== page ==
D&O insurance premiums jumped somewhere between 44% and 104% in the first quarter of this year, compared with last year. That’s according to survey data from Aon & Marsh cited in this WSJ article. The cause of the increase is the ever-expanding specter of securities litigation, including event-specific litigation and suits over emerging ESG issues, which Lynn blogged in January would be likely to influence rates.
The latest threat? Covid-19 reopening decisions. Lynn blogged last week on “The Mentor Blog” about what boards need to consider to manage reopening risks – if boards get it wrong, they’ll not only be facing remorse over upended lives and a struggling workforce, they’ll also become a litigation target. Some believe that rates will more than double in the wake of the pandemic, according to this “Business Insurance” article. The WSJ reports that on top of tough decisions about the business, companies are having to decide whether to change deductibles, policy limits or insurance budget. Here’s an excerpt:
According to Aon, no primary policies that renewed in the first quarter with the same limits and deductibles fetched a lower price. To contain the increases, nearly half of the clients changed their deductibles or policy limits, and sometimes both.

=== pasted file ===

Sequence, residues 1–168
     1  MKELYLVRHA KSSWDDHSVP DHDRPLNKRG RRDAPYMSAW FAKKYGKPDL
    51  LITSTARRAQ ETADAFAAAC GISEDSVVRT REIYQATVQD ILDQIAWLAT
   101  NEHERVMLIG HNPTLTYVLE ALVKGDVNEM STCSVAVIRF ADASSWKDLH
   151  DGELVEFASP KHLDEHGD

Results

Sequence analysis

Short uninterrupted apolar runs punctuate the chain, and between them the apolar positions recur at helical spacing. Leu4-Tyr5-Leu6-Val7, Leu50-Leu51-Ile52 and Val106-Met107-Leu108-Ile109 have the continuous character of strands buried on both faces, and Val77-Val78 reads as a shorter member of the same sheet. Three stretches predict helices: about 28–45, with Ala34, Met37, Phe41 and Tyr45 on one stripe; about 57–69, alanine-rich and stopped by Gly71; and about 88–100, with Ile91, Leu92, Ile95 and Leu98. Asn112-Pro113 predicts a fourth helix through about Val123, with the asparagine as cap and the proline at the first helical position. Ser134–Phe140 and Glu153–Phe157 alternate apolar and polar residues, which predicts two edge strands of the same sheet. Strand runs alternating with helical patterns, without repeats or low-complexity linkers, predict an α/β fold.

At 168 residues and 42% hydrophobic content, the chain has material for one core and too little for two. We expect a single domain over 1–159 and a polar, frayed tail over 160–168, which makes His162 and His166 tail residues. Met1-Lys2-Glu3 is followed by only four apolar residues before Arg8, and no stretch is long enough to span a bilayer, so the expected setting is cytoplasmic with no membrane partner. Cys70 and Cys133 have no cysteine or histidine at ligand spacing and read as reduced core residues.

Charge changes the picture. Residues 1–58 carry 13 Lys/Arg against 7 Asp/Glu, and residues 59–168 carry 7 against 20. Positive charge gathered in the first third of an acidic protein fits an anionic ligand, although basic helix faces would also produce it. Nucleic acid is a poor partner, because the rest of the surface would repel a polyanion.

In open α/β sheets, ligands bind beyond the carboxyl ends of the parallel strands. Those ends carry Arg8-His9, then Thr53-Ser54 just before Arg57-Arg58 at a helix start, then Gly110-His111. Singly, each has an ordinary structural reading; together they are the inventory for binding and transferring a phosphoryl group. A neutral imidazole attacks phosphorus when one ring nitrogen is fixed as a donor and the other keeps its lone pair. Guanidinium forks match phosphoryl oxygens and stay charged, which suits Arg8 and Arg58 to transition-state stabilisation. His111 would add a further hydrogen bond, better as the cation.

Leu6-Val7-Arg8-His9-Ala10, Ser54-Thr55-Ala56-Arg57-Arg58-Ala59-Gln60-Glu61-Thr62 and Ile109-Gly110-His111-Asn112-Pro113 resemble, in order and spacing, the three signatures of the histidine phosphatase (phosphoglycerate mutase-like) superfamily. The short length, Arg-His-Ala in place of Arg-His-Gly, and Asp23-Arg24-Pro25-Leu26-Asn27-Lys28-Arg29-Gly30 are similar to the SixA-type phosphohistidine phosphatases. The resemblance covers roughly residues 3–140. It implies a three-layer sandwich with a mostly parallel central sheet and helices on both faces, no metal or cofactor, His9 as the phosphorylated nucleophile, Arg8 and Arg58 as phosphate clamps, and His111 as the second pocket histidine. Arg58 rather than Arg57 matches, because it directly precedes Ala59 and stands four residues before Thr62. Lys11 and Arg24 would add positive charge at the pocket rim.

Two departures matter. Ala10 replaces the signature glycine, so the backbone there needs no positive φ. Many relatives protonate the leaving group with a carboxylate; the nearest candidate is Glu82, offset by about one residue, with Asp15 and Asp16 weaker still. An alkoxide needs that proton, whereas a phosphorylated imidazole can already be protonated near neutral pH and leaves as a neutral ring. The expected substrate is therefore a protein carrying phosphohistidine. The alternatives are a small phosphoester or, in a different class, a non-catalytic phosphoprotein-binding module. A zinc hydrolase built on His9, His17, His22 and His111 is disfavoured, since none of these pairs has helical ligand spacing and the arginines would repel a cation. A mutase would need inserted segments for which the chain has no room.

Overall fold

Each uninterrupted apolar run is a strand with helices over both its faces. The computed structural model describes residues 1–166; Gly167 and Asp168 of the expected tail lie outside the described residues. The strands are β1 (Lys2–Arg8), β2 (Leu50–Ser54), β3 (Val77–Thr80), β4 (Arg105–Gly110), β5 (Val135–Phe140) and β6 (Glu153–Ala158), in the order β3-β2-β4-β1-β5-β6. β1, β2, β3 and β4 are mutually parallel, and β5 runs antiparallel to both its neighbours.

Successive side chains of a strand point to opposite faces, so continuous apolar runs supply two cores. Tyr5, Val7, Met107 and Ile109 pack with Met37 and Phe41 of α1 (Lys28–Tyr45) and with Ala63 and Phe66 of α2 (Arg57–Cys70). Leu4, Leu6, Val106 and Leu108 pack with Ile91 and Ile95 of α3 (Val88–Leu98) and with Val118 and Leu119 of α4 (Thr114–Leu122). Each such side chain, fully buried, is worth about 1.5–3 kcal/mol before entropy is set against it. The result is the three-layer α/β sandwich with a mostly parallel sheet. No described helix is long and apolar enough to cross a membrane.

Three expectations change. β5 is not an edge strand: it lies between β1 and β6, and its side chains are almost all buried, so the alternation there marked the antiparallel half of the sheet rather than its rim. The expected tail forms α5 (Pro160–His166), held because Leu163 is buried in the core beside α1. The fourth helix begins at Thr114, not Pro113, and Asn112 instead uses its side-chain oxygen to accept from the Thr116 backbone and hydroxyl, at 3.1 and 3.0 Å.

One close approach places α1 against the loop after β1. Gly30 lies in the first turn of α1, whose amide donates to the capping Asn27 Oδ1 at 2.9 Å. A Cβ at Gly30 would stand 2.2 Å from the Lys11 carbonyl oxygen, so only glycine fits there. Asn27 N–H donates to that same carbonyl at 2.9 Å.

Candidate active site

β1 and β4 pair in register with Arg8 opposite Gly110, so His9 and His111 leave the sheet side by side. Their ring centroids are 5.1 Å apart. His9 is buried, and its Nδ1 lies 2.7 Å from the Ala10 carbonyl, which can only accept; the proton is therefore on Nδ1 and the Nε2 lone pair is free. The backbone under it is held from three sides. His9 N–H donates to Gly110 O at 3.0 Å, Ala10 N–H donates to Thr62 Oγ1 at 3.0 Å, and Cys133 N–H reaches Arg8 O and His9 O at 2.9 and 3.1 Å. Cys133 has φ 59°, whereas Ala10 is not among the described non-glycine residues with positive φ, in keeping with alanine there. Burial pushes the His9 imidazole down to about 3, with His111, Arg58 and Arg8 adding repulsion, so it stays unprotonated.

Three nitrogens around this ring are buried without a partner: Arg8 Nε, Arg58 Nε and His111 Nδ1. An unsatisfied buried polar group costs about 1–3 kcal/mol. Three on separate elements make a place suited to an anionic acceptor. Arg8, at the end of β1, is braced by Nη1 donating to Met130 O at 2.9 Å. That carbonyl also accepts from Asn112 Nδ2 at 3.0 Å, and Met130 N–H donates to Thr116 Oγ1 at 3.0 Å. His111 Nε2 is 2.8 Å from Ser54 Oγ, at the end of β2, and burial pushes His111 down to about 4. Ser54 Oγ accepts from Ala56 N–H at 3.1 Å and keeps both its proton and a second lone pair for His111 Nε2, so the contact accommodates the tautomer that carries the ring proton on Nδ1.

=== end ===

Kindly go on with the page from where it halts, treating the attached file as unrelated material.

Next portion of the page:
In a June 10 report, A.M. Best Co. said a spike in litigation caused by specific events, such as cyberattacks, the #MeToo movement and wildfires, was driving the increases. Companies also face potential litigation over “emerging exposures” such as Environmental, Social and Governance, or ESG, issues and climate change, it says.
Exchange Act reporting is a key factor in reigning in premiums and reducing risk. According to the Journal and insurance companies, some companies also are setting up captive insurance companies in places like Singapore or Bermuda – as wholly owned subsidiaries that provide insurance to the sponsoring company alone.
Earnings Guidance: Most Important for Smaller Companies?